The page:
An academic says historical patterns indicate Vanuatu could become prey to more organised crime due to the opening of a large casino in its capital.
A boutique style casino linked to the global Jupiters brand and designed to cater for Vanuatu's tourism market is to be opened on Port Vila's waterfront in February.
Professor Peter Reuter from the University of Maryland, who has researched the impact of casinos on crime and other social patterns, says many small countries which open casinos struggle to segregate these businesses from the local population.
And he says whoever runs the casino often becomes the biggest financial operator in the country and gets into a position where they can, in effect, buy the government.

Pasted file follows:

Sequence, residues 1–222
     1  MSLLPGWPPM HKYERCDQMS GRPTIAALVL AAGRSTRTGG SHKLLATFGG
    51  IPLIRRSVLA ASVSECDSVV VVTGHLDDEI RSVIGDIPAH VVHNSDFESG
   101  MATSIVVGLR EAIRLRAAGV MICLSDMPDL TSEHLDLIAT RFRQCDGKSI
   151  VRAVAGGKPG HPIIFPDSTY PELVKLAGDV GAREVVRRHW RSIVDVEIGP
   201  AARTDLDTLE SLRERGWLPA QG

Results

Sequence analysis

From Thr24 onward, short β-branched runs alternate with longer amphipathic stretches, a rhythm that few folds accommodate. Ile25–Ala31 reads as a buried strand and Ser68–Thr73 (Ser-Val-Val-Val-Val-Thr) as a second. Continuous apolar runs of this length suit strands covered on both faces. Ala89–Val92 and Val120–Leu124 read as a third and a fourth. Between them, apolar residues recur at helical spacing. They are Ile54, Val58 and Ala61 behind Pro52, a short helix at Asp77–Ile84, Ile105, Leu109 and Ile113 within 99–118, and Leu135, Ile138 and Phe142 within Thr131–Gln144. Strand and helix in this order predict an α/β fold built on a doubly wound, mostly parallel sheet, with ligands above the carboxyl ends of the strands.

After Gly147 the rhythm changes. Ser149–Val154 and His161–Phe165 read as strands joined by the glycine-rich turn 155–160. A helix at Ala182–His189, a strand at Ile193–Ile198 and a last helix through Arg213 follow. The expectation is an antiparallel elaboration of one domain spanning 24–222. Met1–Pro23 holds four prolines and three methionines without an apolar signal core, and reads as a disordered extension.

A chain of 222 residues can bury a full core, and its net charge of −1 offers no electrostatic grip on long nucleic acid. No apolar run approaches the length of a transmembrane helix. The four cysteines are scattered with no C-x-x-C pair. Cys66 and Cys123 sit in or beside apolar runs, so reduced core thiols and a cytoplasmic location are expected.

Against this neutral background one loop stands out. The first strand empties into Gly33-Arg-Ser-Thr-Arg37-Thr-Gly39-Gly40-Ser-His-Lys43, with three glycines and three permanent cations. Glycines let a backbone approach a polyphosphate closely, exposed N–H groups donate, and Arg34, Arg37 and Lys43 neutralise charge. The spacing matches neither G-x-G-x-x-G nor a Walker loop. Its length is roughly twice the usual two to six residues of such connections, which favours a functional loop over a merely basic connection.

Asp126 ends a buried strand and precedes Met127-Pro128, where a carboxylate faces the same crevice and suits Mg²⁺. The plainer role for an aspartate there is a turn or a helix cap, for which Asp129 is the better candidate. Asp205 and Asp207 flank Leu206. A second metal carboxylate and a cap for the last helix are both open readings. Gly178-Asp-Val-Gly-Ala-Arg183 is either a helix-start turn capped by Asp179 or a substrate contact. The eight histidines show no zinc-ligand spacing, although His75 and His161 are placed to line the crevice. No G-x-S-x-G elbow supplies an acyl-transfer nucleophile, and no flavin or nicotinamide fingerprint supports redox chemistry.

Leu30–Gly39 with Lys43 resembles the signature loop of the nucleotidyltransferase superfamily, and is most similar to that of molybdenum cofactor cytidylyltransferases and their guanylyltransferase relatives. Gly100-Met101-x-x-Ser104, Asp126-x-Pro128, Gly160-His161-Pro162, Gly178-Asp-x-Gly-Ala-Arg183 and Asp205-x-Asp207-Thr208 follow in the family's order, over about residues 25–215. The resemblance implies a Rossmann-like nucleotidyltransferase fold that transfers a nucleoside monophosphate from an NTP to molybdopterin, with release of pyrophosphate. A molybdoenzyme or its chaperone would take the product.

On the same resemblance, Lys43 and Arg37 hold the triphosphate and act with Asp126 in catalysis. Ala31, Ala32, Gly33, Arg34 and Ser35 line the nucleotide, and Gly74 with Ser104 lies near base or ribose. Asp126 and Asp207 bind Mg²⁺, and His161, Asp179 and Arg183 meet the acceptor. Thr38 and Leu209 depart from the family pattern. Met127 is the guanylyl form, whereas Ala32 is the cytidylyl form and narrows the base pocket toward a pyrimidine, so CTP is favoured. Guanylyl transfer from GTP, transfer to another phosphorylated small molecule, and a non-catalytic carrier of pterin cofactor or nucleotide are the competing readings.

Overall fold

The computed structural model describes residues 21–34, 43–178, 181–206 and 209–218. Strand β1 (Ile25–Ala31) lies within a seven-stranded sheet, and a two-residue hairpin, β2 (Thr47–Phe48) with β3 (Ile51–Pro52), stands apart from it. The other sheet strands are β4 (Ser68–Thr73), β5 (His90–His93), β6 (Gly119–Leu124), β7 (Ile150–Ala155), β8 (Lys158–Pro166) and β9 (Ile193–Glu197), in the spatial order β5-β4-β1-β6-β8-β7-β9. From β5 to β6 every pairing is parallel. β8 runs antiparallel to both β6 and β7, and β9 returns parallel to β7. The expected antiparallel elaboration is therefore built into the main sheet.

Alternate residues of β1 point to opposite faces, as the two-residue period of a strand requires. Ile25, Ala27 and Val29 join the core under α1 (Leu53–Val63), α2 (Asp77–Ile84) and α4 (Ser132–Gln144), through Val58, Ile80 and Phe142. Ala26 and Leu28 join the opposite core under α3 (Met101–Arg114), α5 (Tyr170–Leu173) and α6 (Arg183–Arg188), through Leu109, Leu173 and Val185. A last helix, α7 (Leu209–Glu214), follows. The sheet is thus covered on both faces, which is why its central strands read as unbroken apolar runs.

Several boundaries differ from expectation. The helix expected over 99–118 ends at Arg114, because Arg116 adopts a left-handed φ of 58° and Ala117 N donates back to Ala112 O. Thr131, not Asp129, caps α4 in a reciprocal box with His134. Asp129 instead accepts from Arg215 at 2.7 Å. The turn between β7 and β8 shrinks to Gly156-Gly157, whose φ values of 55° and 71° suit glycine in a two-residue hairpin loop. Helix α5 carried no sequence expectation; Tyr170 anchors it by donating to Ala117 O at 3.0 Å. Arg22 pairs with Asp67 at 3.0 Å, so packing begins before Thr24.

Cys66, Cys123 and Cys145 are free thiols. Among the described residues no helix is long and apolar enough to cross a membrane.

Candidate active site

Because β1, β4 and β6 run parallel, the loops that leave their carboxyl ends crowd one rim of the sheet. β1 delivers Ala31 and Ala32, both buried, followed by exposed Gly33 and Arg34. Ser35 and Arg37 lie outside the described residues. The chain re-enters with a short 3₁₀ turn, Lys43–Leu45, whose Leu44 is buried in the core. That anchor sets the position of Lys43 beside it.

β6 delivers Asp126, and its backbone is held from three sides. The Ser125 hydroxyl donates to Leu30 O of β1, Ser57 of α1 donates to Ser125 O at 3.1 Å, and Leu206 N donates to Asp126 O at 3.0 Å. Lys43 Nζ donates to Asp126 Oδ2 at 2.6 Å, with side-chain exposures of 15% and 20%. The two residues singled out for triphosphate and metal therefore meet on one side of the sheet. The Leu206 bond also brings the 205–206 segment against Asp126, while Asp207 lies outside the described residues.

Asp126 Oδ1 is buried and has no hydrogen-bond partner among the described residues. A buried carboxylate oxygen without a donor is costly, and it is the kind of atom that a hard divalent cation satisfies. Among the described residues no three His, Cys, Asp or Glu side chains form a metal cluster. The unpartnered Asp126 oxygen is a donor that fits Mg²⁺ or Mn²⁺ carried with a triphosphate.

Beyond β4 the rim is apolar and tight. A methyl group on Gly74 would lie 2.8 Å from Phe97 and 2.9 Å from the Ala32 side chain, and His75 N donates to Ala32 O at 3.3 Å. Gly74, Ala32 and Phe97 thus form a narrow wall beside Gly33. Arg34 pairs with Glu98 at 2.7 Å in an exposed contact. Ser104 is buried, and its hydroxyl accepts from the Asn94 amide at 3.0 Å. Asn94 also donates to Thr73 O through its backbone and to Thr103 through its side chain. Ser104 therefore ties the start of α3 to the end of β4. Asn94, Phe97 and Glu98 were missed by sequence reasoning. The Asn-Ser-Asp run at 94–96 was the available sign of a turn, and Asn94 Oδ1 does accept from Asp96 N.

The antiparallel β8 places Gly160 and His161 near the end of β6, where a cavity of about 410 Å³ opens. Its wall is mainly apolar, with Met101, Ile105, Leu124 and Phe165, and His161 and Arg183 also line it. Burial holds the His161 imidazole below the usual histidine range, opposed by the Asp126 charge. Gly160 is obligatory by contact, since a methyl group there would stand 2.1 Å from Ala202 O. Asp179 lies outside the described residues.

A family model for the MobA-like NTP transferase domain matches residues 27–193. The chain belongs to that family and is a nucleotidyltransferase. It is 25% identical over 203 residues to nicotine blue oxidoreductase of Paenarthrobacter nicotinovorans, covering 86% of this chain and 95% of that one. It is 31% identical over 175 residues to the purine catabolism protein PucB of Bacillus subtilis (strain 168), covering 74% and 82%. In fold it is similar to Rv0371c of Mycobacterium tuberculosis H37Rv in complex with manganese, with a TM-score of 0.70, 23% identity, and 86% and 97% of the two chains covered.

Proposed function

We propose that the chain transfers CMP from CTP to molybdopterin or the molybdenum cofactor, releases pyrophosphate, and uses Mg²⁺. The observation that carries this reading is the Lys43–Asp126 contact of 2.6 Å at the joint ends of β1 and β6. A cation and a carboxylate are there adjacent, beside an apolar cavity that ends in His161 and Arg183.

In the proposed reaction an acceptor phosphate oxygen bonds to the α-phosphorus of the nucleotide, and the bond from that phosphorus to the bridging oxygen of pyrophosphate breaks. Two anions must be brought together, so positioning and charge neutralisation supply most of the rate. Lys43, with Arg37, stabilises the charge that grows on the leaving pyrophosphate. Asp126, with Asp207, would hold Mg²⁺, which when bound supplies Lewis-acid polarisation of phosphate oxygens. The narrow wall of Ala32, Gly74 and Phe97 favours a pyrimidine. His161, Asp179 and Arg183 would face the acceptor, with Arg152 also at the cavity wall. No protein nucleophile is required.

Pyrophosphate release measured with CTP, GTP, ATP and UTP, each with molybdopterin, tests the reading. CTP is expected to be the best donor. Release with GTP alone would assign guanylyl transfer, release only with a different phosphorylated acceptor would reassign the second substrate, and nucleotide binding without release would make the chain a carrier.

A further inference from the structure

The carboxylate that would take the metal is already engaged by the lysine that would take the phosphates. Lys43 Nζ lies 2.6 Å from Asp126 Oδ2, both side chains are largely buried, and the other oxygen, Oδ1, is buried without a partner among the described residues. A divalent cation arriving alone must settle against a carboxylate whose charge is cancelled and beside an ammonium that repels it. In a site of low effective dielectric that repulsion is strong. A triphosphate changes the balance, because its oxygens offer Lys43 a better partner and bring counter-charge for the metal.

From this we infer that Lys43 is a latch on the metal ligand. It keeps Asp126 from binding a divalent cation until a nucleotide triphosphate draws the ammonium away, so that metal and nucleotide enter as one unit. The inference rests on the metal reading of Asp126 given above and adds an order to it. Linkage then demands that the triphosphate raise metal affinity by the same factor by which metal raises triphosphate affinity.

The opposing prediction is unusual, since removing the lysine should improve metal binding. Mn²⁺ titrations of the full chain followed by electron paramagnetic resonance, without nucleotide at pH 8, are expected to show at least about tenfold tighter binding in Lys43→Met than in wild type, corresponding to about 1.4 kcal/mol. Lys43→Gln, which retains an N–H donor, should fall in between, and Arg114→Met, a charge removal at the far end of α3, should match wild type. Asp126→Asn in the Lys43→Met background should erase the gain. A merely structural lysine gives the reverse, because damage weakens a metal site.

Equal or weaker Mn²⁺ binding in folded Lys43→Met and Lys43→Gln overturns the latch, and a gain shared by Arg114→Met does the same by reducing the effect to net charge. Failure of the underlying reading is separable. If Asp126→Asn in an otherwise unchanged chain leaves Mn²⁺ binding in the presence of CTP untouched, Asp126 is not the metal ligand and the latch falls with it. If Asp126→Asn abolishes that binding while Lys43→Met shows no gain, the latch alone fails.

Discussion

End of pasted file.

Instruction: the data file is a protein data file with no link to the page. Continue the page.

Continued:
"The concern about the mafia in Cuba in the 1950s when Batista was president was exactly that. The mafia had enough money through the casinos that Batista was very much their instrument, and Vanuatu is a very small and very impoverished country. It wouldn't take a lot of money to sort of buy control of Vanuatu, and that's something you need to be concerned about."